“Distinguish whether it concerns the regulated or discretionary aspects of the plan (…) Regarding the discretionary aspects of the plan, we must distinguish between determinations that affect a purely local or municipal interest, or higher than this. Thus, when the public interest involved is municipal and does not reach interests that exceed this scope, the competence is strictly municipal, as the city model outlined by the City Council must prevail, with the exception related to control aimed at avoiding injury to the principle of the prohibition of arbitrariness by public authorities, ex article 9.3 CE.


The discretionary determinations of the plan, on the other hand, when they affect matters that impact supra-local interests, linking with a territorial model superior to the municipal one, do allow the Autonomous Administration to intervene by correcting, modifying, or replacing the discretionary determinations of the plan, established in the municipal phase of the procedure. In other words, the possible control or modification by the Autonomous Community of all those discretionary aspects of planning will depend on the public interests involved, and even in the case of purely local interests, provided that the prohibition of arbitrariness by public authorities is not violated.”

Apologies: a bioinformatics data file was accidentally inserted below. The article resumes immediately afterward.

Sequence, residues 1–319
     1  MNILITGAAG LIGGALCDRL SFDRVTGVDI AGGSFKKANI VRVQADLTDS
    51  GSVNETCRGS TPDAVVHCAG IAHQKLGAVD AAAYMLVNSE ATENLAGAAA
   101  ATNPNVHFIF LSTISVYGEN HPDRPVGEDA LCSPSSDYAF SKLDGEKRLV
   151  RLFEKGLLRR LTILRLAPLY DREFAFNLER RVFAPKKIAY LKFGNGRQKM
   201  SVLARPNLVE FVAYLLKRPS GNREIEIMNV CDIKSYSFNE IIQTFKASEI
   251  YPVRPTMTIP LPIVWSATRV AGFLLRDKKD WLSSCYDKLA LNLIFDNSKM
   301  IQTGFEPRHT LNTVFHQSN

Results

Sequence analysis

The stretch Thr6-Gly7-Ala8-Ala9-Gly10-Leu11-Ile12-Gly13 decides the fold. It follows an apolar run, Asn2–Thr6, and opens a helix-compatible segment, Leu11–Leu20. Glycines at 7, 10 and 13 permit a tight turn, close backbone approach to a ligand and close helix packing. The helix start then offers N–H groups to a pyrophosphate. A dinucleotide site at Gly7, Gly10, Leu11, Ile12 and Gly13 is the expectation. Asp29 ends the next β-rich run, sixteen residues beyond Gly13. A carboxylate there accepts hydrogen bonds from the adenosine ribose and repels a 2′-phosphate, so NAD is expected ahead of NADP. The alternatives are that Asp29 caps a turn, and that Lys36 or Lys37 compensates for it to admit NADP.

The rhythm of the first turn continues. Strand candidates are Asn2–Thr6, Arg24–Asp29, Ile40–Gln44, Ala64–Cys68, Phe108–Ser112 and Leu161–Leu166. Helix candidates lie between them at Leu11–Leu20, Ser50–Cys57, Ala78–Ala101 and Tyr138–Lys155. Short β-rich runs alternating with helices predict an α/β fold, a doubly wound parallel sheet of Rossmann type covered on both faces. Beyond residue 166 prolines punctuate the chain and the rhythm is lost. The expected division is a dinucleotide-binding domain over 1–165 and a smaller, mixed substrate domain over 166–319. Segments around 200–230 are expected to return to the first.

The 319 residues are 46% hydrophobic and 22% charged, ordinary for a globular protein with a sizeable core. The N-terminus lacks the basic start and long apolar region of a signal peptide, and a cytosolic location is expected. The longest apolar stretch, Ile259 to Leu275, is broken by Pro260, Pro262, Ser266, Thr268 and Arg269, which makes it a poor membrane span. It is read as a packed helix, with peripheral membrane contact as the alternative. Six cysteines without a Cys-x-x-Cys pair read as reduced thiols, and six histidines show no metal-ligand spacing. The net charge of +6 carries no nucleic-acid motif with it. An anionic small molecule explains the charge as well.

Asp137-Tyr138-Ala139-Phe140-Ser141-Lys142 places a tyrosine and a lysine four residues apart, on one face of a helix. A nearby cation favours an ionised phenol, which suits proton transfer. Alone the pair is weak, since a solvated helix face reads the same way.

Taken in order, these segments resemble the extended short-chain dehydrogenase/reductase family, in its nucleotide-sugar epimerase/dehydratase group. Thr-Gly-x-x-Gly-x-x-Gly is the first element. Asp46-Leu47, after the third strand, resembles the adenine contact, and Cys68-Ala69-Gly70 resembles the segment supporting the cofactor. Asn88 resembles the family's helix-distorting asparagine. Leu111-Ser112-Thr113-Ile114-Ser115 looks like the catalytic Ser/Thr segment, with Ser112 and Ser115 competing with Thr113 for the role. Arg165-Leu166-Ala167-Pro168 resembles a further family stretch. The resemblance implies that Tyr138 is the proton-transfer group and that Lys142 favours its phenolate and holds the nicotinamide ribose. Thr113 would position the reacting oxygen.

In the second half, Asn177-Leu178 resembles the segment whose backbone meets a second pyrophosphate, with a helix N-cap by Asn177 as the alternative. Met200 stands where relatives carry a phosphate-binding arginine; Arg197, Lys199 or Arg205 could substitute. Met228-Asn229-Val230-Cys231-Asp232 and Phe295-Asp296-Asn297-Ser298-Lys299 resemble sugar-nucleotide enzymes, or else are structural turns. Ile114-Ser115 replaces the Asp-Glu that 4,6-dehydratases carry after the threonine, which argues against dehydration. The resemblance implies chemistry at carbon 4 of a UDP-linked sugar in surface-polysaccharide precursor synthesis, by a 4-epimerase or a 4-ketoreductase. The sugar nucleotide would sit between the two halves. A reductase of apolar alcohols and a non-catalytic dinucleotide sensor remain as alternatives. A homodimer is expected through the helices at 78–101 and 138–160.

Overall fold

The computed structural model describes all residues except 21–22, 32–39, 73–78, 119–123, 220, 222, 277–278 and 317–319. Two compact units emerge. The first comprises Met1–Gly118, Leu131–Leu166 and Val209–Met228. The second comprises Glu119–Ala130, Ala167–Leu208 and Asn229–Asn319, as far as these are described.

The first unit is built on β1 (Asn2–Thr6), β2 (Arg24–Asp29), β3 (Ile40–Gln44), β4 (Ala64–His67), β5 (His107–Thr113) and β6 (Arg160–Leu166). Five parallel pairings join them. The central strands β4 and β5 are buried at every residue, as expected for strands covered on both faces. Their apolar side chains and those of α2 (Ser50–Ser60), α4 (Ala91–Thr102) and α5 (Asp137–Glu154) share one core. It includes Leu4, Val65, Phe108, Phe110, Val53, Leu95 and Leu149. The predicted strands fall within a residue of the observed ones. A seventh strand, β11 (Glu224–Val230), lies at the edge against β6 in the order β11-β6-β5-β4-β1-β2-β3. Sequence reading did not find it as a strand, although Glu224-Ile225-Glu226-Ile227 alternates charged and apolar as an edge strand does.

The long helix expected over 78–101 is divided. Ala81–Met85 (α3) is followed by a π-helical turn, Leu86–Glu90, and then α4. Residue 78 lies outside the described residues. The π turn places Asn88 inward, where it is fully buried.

On the other hand, the Administrative Litigation Chamber of the TSJC recalls that the relationship between different types of plans is also governed by the principle of specialty, reserving to each planning instrument its corresponding regulatory scope. In this regard, the TSJC recalls that the Master Plan is not the appropriate instrument to order the determinations of land-use classification, which is reserved for the municipal planner. On this aspect, the Chamber states: